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La Bohème

by on 19 May 2022

Intense Conviction

La Bohème

after Giacomo Puccini, new English libretto by Philip Lee and David Eaton

KHT and Making Productions at King’s Head Theatre, Islington until 28th May

Review by Patrick Shorrock

Putting on La Bohème these days can be tricky, as Puccini’s characters can easily come across as rather middle-aged and respectable.  By the time your operatic career has developed sufficiently for you to sing Mimi or Rodolpho, you are probably going to be too old to pass muster as a young person living on the edge.  I remember how David Freeman’s Opera North production asked some interesting questions about whether these young people are making a stand against convention or simply afraid of middle age and responsibility.  He had one of the characters – now a grand old man of the artistic establishment – introduce each act with reminiscences about his time as a young Turk.   

Mark Ravenhill’s production at the King’s Head Theatre, Islington, does a great job of restoring some edginess to the piece by transposing it to contemporary London.  Rob/Rodolpho is a hack writer using an i-pad who one Christmas Eve hooks up on Grindr with Mimi (“But my real name is Lucas”).  Transposing Mimi’s soaring lines down for a tenor is initially a shock – more shocking than the gender swap – but still works musically.  We also lose the sumptuous orchestral colour and thrilling big voices, but, in return, we get an immediacy and directness that just isn’t possible in the opera house.  The cast are able to sing quietly and conversationally.  They deliver Philip Lee’s and David Eaton’s sharp and witty libretto with real point (including a good line about fuel costs).  And, in this intimate auditorium, they have plenty left vocally for the big dramatic moments which come across with tremendous force thanks to Puccini’s glorious music.   (Musical Director David Eaton has to do it all with nothing but a piano, but you are so caught up in the drama that you barely notice.)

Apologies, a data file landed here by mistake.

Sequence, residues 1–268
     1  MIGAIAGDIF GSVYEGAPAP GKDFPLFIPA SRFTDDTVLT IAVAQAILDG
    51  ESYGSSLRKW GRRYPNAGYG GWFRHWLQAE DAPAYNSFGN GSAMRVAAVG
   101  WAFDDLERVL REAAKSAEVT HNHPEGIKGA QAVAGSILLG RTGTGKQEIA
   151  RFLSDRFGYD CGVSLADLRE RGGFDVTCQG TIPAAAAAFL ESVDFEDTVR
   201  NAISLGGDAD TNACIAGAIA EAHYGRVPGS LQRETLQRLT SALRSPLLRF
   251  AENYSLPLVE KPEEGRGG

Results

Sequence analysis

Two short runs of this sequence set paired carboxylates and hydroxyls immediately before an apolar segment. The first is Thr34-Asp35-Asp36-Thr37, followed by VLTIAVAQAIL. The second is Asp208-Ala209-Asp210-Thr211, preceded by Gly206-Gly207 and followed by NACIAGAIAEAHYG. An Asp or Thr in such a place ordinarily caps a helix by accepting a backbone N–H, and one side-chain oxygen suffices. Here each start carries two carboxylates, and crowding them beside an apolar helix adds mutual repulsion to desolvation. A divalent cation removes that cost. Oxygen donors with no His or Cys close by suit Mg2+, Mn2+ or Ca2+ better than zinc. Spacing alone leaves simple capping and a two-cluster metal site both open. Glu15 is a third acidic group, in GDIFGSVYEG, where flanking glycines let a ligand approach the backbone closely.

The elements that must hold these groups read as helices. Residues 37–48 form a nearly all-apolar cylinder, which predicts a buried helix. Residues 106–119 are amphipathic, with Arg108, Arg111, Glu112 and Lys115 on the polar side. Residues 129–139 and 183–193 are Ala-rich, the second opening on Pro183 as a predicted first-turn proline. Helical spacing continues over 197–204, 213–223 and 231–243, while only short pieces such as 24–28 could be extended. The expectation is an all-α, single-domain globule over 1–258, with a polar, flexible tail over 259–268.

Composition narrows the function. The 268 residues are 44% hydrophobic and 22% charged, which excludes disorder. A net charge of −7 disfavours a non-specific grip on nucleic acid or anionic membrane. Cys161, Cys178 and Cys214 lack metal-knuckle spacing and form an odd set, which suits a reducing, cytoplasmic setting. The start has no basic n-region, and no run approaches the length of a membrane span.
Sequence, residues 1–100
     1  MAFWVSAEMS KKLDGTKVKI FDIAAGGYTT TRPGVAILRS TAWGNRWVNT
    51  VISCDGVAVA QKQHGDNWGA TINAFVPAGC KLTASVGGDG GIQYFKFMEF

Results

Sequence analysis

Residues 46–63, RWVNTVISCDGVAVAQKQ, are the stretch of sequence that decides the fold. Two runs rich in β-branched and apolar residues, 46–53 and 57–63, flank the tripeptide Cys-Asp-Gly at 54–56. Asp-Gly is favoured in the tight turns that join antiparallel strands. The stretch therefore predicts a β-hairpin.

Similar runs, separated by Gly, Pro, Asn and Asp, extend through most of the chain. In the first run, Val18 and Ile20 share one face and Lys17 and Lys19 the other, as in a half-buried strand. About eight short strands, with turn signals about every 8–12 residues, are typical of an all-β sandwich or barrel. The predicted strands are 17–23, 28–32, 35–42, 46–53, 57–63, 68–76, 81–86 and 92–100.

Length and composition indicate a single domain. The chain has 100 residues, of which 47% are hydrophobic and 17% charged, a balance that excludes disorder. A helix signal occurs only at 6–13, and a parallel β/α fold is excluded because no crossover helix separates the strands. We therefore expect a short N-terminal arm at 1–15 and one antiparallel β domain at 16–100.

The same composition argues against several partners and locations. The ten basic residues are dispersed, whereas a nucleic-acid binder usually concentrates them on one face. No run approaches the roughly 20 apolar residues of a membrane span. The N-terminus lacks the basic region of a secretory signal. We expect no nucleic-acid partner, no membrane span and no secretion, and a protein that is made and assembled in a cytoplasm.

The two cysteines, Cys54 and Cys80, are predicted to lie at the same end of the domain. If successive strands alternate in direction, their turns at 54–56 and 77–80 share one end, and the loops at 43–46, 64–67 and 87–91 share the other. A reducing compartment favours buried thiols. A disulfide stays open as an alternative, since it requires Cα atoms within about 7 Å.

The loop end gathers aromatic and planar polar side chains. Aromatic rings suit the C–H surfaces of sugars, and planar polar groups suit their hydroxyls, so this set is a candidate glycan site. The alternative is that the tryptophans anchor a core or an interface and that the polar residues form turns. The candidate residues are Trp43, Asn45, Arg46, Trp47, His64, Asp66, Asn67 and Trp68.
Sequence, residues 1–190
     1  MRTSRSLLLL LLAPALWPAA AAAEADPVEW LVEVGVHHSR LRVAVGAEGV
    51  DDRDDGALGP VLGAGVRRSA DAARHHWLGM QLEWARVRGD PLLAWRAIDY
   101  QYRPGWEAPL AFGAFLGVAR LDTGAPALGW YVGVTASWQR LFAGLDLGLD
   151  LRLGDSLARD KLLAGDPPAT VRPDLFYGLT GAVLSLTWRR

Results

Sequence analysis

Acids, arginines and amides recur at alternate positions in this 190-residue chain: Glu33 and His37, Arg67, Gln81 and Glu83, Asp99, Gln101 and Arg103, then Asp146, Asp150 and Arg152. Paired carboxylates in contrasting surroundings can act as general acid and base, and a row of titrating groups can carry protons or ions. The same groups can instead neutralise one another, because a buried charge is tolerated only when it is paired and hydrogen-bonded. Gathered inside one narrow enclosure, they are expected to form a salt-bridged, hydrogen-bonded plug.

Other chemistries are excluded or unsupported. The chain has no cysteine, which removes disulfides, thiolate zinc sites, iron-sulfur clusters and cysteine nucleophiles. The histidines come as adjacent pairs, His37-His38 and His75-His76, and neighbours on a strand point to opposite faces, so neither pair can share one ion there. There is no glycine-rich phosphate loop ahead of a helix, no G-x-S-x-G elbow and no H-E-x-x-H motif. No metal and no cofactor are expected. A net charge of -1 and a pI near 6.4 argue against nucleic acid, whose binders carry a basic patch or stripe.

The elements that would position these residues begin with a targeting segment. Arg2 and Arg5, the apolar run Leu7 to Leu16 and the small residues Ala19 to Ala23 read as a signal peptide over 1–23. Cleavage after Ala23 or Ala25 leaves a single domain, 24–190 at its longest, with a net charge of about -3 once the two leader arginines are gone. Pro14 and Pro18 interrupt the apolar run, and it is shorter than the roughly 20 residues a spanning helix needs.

Philip Lee’s Mimi/Lucas has a somewhat rougher voice than Daniel Koek’s Rob, whose voice has an attractive bloom and has no difficulty in swelling to fortissimo when appropriate.   Matthew Kellet is a strongly voiced Marcus/Marcello and Grace Nyandoro’s Marissa/Musetta steals the show, as Musettas tend to. 

As a concept it works.  Lucas is perhaps a bit of a gay stereotype: charismatic, damaged, and hedonistic (i.e. dysfunctional); undetectable, but not taking his meds, while indulging recklessly in other drugs to avoid dealing with reality.  I found myself sympathising with Rob here, whereas usually in La Bohème he comes across – like all too many operatic tenor roles – as emotionally insecure, controlling, and possessive.  By contrast Marcus and Marissa were more operatic business as usual, but none the worse for that.

The direction of the singers is excellent, although something went wrong with the staging.  Was Mimi dying in Rob’s flat with Marcus – who works on the perfumery counter at Liberty – as suggested by the dialogue?  Or was she actually in A & E accompanied by Marcus’s nurse brother in scrubs, as implied by set with its water cooler and calendar – all draped in depressing institutional Christmas tinsel.   This messiness is unnecessarily confusing and a bit annoying, but doesn’t undermine the intense conviction of the performances in this wonderfully intimate space.

Patrick Shorrock, May 2022

Photography by thebrittainphotography

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